Just have someone who doesn't object to the law sign the documents, like, say, a notary public.  Then the law is upheld, the freedom of gays and lesbians is not violated, and her freedom of conscience is not violated.  It would also be entirely legal.

That was precisely the compromise offered by the court.  OK, fine, the judge said.  You don't have to do that.  Just authorize someone else to do it.  But that compromise was flatly rejected.

And in rejecting it, the truth of her position seems clear.  It is not just that she can't perform her duties because it would violate her liberty.  It is that she does not want the thing over which she has power done any way other than she wishes it done.  It would violate not her own freedom, but her control over the liberty of others.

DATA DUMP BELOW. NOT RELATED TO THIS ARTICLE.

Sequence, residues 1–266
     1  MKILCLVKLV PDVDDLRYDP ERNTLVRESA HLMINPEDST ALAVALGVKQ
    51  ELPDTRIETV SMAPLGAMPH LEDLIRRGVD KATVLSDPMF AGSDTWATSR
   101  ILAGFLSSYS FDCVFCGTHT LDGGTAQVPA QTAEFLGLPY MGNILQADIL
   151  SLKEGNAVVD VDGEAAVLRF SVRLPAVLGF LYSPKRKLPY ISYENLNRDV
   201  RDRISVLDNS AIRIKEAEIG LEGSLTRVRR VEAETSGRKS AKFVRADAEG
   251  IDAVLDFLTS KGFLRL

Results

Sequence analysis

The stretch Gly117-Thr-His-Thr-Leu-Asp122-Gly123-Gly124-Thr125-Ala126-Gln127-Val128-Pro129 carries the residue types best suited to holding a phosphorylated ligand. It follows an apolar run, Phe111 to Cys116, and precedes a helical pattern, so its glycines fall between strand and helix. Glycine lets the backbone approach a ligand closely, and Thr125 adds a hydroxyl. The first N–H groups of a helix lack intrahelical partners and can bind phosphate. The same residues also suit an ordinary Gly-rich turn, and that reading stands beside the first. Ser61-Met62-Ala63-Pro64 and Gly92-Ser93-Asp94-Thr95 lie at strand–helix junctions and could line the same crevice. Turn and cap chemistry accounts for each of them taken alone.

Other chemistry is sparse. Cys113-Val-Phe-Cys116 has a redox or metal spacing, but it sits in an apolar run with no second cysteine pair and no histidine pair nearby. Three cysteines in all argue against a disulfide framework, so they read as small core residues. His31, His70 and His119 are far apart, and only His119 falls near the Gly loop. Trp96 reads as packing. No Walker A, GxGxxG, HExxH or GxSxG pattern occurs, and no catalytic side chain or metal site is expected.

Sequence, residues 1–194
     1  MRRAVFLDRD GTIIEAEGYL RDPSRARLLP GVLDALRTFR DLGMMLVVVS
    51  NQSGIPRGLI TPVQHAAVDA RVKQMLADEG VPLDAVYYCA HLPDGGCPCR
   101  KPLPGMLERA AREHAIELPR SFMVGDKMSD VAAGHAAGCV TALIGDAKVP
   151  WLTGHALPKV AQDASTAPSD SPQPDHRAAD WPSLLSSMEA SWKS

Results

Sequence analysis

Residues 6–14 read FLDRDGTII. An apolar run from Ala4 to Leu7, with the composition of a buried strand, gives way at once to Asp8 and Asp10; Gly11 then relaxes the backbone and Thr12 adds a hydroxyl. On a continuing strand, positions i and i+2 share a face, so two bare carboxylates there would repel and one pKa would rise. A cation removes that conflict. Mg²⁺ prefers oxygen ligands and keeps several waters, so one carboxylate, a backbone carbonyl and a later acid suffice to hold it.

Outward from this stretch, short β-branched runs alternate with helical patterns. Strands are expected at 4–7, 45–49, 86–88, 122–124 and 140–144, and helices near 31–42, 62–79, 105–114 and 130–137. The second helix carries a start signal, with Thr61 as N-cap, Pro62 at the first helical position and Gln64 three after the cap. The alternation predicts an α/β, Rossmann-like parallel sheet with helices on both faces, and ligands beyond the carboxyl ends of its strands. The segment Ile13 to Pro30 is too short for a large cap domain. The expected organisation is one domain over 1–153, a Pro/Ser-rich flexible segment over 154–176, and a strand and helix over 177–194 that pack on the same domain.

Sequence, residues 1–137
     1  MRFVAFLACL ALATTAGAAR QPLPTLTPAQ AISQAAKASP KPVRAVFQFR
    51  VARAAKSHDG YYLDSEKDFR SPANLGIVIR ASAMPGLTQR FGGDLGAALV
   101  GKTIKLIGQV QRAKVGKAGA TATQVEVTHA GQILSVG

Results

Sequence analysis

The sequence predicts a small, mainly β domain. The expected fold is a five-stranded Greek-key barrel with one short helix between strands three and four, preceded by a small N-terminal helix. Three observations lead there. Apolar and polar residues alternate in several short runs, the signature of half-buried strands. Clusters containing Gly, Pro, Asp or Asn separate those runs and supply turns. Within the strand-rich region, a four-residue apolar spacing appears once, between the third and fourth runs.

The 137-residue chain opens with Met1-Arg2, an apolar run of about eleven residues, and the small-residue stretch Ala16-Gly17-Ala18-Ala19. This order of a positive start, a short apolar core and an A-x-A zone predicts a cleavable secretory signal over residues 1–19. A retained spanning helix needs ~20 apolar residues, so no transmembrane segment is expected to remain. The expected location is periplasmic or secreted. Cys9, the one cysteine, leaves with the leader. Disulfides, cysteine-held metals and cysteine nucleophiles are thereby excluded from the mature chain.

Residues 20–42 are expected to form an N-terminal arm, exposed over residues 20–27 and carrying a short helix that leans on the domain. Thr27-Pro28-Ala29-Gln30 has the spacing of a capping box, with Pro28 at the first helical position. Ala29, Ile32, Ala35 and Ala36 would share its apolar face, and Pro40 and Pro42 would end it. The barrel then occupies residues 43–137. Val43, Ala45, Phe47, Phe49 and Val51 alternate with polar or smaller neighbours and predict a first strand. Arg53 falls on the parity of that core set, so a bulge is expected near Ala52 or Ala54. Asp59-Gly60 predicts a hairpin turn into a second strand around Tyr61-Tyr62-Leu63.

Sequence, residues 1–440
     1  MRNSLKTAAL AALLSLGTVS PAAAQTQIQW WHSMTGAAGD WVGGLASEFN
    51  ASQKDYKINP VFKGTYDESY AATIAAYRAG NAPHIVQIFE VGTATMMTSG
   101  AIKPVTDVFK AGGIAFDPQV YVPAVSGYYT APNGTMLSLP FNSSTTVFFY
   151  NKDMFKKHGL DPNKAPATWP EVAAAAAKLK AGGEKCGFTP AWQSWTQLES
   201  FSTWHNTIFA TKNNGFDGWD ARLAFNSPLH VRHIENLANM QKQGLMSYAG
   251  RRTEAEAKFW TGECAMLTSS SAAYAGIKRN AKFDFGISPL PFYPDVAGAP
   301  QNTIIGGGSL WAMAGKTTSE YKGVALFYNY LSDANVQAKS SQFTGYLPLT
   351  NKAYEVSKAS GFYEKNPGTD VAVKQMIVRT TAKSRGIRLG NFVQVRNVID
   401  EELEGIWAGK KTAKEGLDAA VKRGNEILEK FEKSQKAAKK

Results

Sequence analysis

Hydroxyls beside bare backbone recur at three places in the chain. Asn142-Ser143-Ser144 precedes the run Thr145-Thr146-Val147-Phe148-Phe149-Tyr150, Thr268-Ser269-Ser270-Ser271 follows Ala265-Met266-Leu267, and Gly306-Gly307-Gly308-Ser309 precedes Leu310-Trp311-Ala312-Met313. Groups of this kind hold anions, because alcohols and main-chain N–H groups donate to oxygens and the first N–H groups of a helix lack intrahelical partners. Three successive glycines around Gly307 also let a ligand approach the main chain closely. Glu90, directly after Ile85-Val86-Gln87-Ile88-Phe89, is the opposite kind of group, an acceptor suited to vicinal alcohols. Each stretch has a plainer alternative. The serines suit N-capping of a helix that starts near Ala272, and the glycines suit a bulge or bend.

She has become the Gatekeeper.

Now, it'd be easy at this point to get all self-righteous about how terrible a person she is, what a terrible Christian, to do such a thing.

But this hunger for power rests in all of us, no matter where we are in the political spectrum.  We all yearn for it, desire it, that place where our will rules over all.  Privilege feeds it.  So does the brokenness of want or powerlessness.  Whenever we are in community, it whispers to us, or rises up in indignant fury when someone suggests that maybe we might try doing it differently.

That desire, for power over the Other, that concupiscence, is the dark heart of human sin.

Our sin.

Friday, September 4, 2015

The Wall Around Power

Teslas are awesome, they really are.  As a lifelong enthusiast of all things automotive who is simultaneously concerned about the impact we're having on our little planet, the Tesla seems like the killer app of vehicles.